The exemplary GSM communications network 10 of FIG. 1 comprises a mobile switching centre (MSC) 2, which is connected via communications links to a number of base station controllers (BSCs) 4. Each BSC 4 controls one or more base transceiver stations (not shown) located remote from, and connected by further communications links to, the BSC. Each base transceiver transmits radio signals to, and receives radio signals from, mobile stations 8 a, 8 b which are in an area served by that transceiver. The mobile network 10 is provided with a home location register (HLR) 12 which is a database storing subscriber authentication data, and the MSC 2 is provided with a visitor location register (VLR) 14 which is a database temporarily storing subscriber authentication data for mobile stations active in its area. The MSC 2 is capable of handling service provision for both contract subscribers and prepaid subscribers of the network in the area it serves. Subscribers may originate or receive multimedia, video, voice, data or fax calls or sessions, short messages using the Short Message Service (SMS) via SMSC6, and email messages, enhanced or multimedia messages (MMS) via MMSC 5. Furthermore the user may access data and multimedia resources over private or public data networks such as the Internet 11. Signalling and data in respect of services provided to mobile stations 8 a, 8 b is routed via MSC 2. The communications network 10 also includes a billing system 15, which receives charging data from the MSC 2 and generates Call Detail Records (CDR) for post paid customers, and is accessible by Intelligent Network platforms supporting prepaid customers in order to identify discounts applicable to network services provisioned to prepaid customers.
The mobile terminals 8 a, 8 b may be a mobile phone, a personal digital assistant (PDA), a multimedia computer, a personal computer, a lap top, etc., or generally any terminal capable of accessing services, such as content download, web browsing, streaming, Wireless Application Protocol (WAP) browsing, voice and messaging. In the case of the mobile network 10 being embodied as a GSM or WCDMA network, the terminal is a mobile phone with GSM or WCDMA functionalities. FIG. 1 shows two terminals: 8 a, referred to herein as the terminal associated with subscriber A; and 8 b, referred to as the terminal associated with subscriber B.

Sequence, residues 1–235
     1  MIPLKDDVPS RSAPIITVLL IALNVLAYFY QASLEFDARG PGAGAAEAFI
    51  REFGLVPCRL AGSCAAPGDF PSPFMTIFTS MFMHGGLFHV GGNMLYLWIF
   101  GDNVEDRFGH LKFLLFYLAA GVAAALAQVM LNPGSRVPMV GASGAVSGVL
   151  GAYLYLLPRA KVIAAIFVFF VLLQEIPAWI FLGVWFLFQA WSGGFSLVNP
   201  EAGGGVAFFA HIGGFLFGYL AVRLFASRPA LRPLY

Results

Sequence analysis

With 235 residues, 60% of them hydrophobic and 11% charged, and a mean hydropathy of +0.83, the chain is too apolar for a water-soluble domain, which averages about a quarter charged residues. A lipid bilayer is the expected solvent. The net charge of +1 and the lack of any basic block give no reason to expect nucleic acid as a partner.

In respect of service provision to prepaid subscribers using a GSM mobile station 8 a the MSC 2 functions as a Service Switching Point (SSP) and is connected to and controlled by Service Control Point (SCP) 16 with which it can communicate using the Intelligent Network Application Protocol (INAP). The specification of INAP is provided in European Telecommunications Standards Institute (ETSI) standard ETS 300 374-1 and specifies sets of standard instructions that can pass between components of a given mobile network so as to provision and control calls and data messages. As can be seen from FIG. 2, SCP 16 comprises a Prepaid Control Function (PCF) 18 connected to a Service Data Function (SDF) 20. PCF 18 is connected to MSC 2 with which it communicates using INAP messages as described above and is responsible for performing the data processing steps required to control the operation of MSC 2. The SDF 20 is responsible for storing data relating to prepaid subscribers, such as prepaid account balance data for a subscriber, instance data relating to services currently being provided to a prepaid subscriber, and, according to the present invention, messaging information and instructions on behalf of a subscriber (to be described in detail below). The SDF 20 is connected to user terminal 22 for user entry and amendment of data stored in respect of a prepaid subscriber.